Complete the following test so you can be sure you understand the material. Your answers are private, and test results are not scored.
You work around an ambiguous join by:
Reversing the direction of one of the joins.
Only querying tables that participate in a many-to-many relationship.
Querying the tables in one join, and then using that query as part of a second query that retrieves data from the other join.
An ambiguous outer join occurs when:
A base table participates in a left outer join.
The secondary table in an outer join participates in an additional join of any kind.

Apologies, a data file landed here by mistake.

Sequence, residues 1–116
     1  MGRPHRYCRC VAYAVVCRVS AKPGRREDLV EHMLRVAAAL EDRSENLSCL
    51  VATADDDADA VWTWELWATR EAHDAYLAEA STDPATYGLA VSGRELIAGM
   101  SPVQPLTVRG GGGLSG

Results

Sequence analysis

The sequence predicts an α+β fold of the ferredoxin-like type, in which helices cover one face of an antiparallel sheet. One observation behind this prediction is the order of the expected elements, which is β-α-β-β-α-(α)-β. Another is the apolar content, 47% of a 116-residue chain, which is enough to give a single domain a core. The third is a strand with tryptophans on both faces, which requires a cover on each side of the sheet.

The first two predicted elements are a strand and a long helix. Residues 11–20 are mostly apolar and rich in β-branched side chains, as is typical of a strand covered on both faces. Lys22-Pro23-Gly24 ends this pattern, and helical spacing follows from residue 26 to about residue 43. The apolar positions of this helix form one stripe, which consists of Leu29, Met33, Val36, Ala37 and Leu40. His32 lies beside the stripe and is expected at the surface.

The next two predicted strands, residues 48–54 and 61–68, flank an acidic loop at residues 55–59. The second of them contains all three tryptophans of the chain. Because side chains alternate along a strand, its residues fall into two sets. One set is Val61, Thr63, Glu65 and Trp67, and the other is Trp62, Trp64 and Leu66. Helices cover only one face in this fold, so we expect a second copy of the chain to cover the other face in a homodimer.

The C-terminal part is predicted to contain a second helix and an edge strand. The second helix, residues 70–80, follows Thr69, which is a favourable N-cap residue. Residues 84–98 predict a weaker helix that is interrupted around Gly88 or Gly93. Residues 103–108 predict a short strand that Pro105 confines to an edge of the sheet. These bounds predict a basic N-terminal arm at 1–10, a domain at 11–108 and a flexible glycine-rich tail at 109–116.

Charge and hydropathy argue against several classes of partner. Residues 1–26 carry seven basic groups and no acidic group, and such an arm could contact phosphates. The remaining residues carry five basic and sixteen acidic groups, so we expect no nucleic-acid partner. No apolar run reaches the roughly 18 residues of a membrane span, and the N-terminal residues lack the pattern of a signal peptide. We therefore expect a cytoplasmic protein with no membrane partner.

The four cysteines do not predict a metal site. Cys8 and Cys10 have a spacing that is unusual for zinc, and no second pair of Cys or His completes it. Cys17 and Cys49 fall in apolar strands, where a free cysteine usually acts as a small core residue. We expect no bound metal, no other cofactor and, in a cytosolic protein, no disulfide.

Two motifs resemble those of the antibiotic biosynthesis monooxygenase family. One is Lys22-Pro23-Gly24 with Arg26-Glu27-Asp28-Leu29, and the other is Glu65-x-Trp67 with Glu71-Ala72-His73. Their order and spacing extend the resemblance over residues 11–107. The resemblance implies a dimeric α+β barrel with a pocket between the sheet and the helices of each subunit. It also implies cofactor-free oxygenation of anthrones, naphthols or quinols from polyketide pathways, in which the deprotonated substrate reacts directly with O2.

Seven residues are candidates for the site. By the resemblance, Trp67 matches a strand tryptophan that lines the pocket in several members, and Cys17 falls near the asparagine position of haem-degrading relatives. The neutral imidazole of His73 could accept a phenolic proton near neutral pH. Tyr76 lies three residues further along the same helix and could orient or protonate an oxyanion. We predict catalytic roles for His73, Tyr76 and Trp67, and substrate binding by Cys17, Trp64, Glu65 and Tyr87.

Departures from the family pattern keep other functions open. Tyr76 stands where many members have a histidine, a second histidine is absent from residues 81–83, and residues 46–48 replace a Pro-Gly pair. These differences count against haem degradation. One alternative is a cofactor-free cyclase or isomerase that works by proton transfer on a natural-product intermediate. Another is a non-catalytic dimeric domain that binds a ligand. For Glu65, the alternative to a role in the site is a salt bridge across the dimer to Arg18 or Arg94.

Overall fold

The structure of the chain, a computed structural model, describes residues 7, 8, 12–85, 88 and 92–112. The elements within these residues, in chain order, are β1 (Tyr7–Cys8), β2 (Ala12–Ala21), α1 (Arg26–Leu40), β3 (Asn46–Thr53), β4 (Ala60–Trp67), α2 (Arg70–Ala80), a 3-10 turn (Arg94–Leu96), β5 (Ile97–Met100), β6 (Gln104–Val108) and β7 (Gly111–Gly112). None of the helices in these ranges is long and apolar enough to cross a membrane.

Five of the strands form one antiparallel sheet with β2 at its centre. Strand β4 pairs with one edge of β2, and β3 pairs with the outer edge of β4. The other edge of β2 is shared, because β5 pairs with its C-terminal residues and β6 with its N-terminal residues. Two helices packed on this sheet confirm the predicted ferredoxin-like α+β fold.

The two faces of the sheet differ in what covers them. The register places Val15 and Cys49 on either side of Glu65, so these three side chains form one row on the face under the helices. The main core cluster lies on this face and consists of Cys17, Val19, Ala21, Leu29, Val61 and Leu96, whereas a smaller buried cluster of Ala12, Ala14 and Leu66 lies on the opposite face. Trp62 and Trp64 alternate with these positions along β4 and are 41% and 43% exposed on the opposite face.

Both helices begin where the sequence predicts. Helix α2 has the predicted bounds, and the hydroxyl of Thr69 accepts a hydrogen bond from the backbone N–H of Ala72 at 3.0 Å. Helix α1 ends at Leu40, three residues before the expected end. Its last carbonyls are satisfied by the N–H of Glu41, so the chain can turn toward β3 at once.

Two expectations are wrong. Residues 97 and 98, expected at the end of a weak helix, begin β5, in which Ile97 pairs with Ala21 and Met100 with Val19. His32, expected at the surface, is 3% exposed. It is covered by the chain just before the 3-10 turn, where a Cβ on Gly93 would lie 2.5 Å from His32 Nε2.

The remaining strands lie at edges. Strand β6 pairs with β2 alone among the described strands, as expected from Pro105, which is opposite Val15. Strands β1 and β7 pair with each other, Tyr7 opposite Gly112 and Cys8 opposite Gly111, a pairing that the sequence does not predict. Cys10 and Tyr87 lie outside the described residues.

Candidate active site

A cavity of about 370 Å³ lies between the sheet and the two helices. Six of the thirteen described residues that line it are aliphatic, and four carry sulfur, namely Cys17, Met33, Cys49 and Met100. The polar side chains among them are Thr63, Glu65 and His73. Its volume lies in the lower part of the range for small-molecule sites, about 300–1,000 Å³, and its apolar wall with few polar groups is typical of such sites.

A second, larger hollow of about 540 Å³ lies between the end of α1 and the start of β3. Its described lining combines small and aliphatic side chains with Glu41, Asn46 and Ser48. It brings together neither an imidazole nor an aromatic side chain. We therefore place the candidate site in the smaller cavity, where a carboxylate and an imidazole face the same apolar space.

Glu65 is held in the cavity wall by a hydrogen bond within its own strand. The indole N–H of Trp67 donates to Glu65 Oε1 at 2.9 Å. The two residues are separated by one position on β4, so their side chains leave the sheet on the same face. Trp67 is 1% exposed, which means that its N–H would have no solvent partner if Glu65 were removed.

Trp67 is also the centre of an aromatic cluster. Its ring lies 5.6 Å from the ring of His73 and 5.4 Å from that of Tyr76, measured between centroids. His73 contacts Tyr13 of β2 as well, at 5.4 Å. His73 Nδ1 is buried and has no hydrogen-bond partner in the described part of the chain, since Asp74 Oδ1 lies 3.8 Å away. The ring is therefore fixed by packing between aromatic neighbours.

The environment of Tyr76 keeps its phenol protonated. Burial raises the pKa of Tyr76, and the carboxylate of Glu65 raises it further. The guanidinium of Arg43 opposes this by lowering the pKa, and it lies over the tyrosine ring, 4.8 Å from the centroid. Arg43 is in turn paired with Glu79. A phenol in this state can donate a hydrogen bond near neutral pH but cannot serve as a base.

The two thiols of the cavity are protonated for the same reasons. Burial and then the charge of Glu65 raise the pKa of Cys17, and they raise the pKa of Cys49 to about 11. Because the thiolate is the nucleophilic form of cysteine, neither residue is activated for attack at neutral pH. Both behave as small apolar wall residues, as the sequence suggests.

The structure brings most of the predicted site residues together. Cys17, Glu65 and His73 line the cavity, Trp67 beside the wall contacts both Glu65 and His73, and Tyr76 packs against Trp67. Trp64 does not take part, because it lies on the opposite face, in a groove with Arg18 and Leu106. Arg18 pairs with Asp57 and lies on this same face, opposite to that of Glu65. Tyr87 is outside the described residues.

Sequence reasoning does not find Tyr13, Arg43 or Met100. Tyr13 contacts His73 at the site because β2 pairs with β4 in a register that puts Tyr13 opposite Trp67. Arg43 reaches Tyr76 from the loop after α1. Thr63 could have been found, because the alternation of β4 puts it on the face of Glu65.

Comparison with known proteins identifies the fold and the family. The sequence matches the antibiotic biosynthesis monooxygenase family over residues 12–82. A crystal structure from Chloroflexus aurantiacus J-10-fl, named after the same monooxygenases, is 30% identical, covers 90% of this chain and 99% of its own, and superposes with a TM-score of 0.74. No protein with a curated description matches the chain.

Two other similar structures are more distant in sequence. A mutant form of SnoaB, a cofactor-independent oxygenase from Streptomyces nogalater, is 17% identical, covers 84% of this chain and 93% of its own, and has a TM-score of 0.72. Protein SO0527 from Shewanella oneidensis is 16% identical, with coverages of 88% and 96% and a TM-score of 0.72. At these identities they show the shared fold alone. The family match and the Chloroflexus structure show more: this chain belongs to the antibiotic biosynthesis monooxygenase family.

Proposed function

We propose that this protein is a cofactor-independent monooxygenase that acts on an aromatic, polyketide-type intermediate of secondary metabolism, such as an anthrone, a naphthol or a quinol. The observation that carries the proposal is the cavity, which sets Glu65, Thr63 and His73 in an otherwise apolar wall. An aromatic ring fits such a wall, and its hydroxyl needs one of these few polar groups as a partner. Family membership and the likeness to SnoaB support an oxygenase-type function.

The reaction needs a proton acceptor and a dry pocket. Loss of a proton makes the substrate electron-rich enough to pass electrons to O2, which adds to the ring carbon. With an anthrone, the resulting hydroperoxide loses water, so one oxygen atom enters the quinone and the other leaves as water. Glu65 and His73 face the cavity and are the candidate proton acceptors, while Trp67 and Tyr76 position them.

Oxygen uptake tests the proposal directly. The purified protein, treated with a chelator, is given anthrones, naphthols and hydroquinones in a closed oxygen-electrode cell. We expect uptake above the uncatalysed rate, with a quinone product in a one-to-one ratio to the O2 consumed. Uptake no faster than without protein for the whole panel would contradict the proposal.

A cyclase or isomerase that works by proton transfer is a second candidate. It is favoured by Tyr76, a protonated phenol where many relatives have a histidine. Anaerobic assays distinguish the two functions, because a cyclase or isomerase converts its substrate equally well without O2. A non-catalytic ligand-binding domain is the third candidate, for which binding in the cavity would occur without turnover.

A secondary table serves as the data source for another query.
You build a query from another query when you need to:
Return only matching data from the base and secondary tables.
Return all the data from the base table and only matching data from the secondary table.
Break a complex query into smaller, more manageable pieces.
Bonus question: If you use only inner joins in structures like the ones discussed in this course, you don't have to worry about ambiguity errors.